This is not an isolated incident - it is but an example of the movie's poor handle on every other character that is not its lead. John Abraham has come a long way from that guy who made some questionable choices while driving a Jeep in Jism
. His cool, confident persona blends surprisingly well with one of a focused and driven engineer. His arc mirrors that of many heros who rise from disgrace to prove themselves worthy of praise. We may have seen it before, but we've never seen Abraham do it, and believe it or not, he makes it special.
The film however doesn't dedicate the same amount of time and care to everyone else around him. The ensemble cast come off as low-rent caricatures from time to time simply because their characters are unidimensional. For example, the character of the south-Indian scientist Puru Ramachandran (Ajay Shanker) can be described in all of two phrases: of south-Indian descent (and hence loves banana chips), and works for ISA (renamed ISRO). What is his story? What drives him? What is his stand on India's position on the world stage? Do we care? Yes. Does the film care enough to develop his character? No. You know Ashwath Raina's point damn it and that's all that counts.
Indeed, the reductive form the film takes while narrating its tale shoots down any appeal the secondary characters may have had. This, in turn, makes any decent acting performance put forth by the actors essaying these roles forgettable.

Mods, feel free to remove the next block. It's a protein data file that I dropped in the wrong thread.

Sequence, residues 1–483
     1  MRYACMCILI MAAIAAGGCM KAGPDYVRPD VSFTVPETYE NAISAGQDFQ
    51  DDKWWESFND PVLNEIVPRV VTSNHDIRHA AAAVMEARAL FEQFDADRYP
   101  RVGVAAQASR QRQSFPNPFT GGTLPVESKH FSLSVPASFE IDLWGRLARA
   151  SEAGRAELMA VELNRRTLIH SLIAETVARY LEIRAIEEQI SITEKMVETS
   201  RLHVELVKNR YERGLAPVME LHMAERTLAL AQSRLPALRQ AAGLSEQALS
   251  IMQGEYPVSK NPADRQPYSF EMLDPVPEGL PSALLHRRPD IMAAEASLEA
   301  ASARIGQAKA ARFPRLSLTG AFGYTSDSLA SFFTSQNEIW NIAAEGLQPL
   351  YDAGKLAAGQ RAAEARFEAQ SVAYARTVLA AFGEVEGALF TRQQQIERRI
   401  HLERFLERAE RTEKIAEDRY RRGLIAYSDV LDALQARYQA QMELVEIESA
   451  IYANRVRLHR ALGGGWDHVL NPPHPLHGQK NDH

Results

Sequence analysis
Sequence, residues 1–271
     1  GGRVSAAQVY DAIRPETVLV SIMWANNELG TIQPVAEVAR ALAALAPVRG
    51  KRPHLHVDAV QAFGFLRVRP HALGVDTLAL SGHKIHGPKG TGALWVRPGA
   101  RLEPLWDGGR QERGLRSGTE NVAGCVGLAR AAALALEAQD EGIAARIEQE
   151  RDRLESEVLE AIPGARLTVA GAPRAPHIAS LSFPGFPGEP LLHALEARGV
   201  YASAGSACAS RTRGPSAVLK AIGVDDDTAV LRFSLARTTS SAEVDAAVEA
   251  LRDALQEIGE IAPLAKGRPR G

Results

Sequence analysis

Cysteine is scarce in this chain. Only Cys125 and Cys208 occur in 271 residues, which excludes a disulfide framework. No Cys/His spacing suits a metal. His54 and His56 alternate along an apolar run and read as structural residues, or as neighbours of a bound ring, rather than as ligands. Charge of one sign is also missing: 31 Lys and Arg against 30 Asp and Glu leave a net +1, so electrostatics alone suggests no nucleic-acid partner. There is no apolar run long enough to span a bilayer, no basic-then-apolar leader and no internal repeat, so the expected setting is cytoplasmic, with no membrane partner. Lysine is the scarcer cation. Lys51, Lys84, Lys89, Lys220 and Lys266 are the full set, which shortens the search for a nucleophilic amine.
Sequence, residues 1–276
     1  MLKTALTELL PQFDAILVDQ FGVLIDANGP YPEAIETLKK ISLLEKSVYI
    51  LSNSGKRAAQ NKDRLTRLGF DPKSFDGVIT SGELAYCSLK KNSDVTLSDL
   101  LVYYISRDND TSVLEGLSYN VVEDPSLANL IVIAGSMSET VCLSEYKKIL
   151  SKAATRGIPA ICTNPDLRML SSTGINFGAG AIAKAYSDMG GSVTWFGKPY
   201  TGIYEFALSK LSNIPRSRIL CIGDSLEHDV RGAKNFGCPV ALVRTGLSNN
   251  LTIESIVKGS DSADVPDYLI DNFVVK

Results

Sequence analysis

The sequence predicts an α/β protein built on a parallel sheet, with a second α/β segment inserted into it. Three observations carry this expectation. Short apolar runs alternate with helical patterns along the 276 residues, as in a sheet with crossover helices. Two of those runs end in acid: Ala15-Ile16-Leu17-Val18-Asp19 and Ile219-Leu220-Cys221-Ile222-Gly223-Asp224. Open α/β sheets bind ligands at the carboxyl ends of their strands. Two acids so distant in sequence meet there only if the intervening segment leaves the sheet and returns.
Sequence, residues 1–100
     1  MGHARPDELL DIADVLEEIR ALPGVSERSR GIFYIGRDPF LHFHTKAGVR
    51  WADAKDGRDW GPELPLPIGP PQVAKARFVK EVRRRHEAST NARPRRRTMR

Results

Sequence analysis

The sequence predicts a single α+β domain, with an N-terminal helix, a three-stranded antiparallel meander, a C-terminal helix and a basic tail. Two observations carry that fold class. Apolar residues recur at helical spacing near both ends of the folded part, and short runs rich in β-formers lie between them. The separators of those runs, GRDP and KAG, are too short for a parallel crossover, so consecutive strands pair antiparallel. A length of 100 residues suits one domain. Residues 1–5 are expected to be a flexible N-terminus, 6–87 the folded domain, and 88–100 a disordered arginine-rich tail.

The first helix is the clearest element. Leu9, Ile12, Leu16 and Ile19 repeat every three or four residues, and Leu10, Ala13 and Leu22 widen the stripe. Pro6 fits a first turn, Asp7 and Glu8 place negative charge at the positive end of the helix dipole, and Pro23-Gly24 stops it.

The film's score is a paradox of Terminator-esque proportions. For a movie that waxes poetic about stepping out of America's shadow, many snippets of its score are wholly reminiscent of Interstellar
's inimitable auditory experience. While the songs themselves serve no purpose other than underlining montages, the score's brazen repurposing of something so iconic is baffling.
What isn't baffling is seeing a primarily indie director struggle under the weight of a big budget Bollywood film. Abhishek Sharma, the mind behind the Teri Bin Laden
movies, has a distinct cinematic voice. This is extremely evident when the film employs unorthodox editing choices when communicating exposition to the audience. There is a genuine attempt at making the movie as visually appealing as it can be. However, Sharma finds the space to do this primarily during the initial exchanges. As the film zeroes in on Pokhran and stays there, Sharma finds himself content with the tried and tested. The visual inventiveness is all but sacrificed for the purposes of keeping the story ticking along.
To its detriment, the movie never builds on its strengths in a convincing fashion. As we've established by now, it has its positive moments (and that one shot of blast going off is genuinely mesmerising), but a genuinely spell-binding film fires positives from all cylinders, simultaneously. Parmanu, however, is a textbook example of the parts being better than the whole.